Chicago Architecture Biennial
While I was home in Chicago, my dad wanted to visit and exhibit at the Chicago Cultural Center. At the time they were holding a biannual architecture exhibition. And the sheer number of contributors and pieces was astonishing. We spent at least a couple hours there, taking one of their guided tours, and saw some amazing things. It was still probably at most a half of the things that were on display, and we certainly didn’t examine many of the pieces for long.
There were a few inspiring exhibits like one about the re-purposing of hutongs in Beijing. The displayed designs were the work of ZAO/standardarchitecture, and their first piece of work, a children’s library and art center, was completed and has been in use. Another exhibit I enjoyed was one that gave a nod to the Chicago Tribune Tower architectural competition. Instead of sketches, architects who participated had 13 story models for different buildings, with many different designs, colors, and more.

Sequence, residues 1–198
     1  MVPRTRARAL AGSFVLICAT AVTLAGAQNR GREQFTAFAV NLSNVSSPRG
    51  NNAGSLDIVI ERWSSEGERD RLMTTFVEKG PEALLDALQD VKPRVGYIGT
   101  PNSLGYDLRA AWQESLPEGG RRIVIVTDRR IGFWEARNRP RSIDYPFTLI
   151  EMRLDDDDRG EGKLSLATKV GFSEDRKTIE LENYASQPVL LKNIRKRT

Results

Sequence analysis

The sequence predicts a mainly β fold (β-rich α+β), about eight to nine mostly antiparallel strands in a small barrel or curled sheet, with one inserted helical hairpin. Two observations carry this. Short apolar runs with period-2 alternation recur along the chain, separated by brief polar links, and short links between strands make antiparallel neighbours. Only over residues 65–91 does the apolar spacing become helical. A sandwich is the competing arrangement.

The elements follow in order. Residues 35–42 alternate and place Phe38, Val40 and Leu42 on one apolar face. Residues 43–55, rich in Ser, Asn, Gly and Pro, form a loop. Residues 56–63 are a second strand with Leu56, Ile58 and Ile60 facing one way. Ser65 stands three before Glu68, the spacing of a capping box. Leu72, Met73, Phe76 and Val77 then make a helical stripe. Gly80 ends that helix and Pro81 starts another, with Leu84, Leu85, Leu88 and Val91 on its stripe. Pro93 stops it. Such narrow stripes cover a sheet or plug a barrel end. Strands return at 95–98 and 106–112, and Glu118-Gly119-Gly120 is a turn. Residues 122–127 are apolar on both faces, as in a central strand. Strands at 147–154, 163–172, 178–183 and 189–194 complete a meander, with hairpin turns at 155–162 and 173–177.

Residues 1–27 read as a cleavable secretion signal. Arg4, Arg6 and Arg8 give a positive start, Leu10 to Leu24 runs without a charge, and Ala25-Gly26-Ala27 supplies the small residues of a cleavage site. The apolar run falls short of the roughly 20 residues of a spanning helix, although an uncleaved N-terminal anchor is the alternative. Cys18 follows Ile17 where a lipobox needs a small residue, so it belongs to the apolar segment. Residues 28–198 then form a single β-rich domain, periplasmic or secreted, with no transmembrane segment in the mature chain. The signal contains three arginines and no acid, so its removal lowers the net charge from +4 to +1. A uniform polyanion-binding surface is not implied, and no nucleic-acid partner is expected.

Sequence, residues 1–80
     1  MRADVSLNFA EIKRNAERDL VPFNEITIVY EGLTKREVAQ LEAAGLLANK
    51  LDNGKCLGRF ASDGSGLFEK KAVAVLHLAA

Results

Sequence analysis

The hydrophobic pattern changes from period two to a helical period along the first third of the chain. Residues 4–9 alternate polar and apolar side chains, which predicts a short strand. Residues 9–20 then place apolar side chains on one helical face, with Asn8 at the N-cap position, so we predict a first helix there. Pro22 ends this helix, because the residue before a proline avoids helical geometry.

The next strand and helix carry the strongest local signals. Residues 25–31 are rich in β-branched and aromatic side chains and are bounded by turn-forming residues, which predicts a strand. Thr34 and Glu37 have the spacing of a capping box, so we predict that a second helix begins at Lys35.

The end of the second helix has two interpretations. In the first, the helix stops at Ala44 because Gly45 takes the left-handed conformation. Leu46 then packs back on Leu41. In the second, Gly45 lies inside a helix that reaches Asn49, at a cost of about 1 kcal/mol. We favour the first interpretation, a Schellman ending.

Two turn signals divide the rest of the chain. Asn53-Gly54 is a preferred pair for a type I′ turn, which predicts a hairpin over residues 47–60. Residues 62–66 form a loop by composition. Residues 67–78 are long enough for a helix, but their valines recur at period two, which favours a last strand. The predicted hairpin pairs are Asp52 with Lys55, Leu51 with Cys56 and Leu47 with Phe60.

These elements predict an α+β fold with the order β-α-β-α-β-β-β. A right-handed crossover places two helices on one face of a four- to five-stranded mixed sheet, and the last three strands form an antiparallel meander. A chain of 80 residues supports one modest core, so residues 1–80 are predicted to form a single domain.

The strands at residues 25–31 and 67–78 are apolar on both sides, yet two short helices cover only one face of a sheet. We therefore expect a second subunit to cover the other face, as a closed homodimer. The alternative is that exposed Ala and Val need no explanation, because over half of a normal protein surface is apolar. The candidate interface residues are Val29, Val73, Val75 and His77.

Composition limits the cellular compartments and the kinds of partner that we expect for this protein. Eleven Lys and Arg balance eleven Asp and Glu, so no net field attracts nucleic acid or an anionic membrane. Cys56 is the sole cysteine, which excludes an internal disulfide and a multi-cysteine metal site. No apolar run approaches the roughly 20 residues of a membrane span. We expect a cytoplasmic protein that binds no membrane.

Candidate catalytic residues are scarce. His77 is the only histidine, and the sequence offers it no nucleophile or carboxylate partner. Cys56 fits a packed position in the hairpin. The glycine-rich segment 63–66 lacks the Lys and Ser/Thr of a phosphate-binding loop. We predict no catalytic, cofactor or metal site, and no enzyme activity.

The tour even touched on the Cultural Center itself. It’s a really beautiful building, with a couple of different domes, and many jeweled inlays. There’s a lot of history, as half the building was actually designed for Civil War veterans, and the other half was used as a library. So it’s a large contrast to have such a majestic bejeweled part of the building that was made to be the library (we were told that the inlays were done by Tiffany Co.) while the other part was very dark and somber for the veterans and for the Civil War memorial.